|dc.description.abstract||Introduction: Adverse childhood experiences (ACE) are (in a dose-dependent manner) associated with both health-risk behaviours and the development of chronic disease, and thus pose a significant threat to health and well-being. However, current ACE survey methods fail to adequately capture the adversities that some social, or ethnic groups have experienced. In particular, very few investigations have studied ACE among Indigenous populations, and those that have tended to focus on the prevalence of ACE, not on the appropriateness, or precision of the tools used for its measurement. The study was an attempt to answer two primary research objectives. The first was to investigate whether Indigenous people living in Canada would endorse domains of adverse childhood experiences not currently captured by the conventional ACE survey instrument. The second was to understand the factors or sources of resiliency and healthy coping strategies in regard to reducing the effects of childhood adversities and traumas among Indigenous people.
Methods: Qualitative interview and focus group methodologies were utilized and adapted to integrate aspects of the nominal group technique (NGT) and of First Nations Sharing Circles. A total of 16 participants were recruited for the study (focus group n=4, interviews n=12). Thematic analysis was applied to the qualitative data generated from the interviews and focus group, and quantitative descriptions of the data generated through the NGT process were used to compare within group differences based on demographic characteristics.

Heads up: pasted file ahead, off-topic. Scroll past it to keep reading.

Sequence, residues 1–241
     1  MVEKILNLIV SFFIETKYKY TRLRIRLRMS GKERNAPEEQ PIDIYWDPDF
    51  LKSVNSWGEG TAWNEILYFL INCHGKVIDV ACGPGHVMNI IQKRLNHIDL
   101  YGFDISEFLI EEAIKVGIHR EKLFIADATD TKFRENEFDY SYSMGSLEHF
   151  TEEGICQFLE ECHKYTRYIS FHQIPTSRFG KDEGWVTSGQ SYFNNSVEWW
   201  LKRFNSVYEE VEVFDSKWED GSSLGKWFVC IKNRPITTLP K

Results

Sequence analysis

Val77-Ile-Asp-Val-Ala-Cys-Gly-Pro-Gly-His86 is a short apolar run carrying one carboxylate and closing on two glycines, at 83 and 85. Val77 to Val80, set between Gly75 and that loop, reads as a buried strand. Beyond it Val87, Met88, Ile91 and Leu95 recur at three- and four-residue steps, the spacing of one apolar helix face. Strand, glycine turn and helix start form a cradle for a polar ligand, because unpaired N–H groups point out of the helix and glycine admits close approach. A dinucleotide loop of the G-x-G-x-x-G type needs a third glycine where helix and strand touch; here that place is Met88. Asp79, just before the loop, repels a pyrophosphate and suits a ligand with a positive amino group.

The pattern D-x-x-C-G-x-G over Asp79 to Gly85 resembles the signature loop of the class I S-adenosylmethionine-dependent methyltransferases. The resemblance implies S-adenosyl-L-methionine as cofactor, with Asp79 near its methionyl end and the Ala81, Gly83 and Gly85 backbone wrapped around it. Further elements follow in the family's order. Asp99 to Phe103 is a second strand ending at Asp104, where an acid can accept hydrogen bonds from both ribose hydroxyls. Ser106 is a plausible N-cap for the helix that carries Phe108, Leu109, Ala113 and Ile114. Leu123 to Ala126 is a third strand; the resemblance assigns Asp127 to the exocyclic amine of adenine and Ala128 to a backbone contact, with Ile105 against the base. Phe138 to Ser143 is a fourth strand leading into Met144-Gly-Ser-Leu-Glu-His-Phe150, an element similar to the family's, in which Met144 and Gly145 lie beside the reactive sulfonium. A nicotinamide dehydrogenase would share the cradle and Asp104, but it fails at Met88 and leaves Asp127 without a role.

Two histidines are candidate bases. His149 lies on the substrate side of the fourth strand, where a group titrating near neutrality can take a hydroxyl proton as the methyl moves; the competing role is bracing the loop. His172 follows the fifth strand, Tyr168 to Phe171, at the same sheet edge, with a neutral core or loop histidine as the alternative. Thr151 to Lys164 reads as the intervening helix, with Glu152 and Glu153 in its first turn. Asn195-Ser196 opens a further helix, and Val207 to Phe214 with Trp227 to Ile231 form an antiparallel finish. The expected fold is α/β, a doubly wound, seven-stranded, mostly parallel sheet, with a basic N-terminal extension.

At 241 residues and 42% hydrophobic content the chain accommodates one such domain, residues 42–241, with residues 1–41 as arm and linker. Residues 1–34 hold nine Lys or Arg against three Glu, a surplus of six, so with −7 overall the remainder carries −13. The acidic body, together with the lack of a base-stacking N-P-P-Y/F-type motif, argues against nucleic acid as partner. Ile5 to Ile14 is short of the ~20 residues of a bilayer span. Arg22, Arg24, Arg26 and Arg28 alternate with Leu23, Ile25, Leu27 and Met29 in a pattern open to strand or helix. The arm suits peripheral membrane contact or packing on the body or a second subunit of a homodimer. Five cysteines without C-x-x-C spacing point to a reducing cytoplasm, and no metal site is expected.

Results: Study findings highlighted five domains of ACE, each with numerous subthemes, relevant to Indigenous children living in Canada, including exposure to historical trauma, a lack of infrastructure and basic public services, household and community dysfunction, gender-based adversities, and racial discrimination. Although there were some similarities in the themes and subthemes in comparison to conventional ACE domains, many experiences shared were not currently captured by conventional ACE surveys. Additionally, four domains of healthy coping mechanisms and/or resiliency factors with many subthemes were identified, including healing from trauma, improving cultural connections, strong social networks, and a bevy of personal attributes.
Conclusions: When undertaking such investigations an appreciation for the sociological and historical factors in many Indigenous communities and families, regardless of direct personal exposure, is required. Investigating exposure to additional adversities, such as historical traumas, a lack of public infrastructure and services, and events of racial discrimination is necessary to include when surveying ACE among Indigenous children as well. This is in addition to the conventional domains captured by ACE surveys, including sexual assault, gender-based violence, and household dysfunction items. Program planning, and resources should be directed to service providers that can offer Indigenous-based counselling, cultural programming, networking opportunities, and skill development for Indigenous people with exposure to ACE to further build healthy coping mechanisms and greater resiliency. Study findings point to the need for shift in approach to acknowledge and address the socioecological and historical factors in the health, social, and legal service sectors that engage with Indigenous individuals or communities with ACE exposure. Further investigation is necessary into other potentially relevant domains of adversity, as well as testing of an expanded ACE survey measure among different Indigenous communities or groups.||en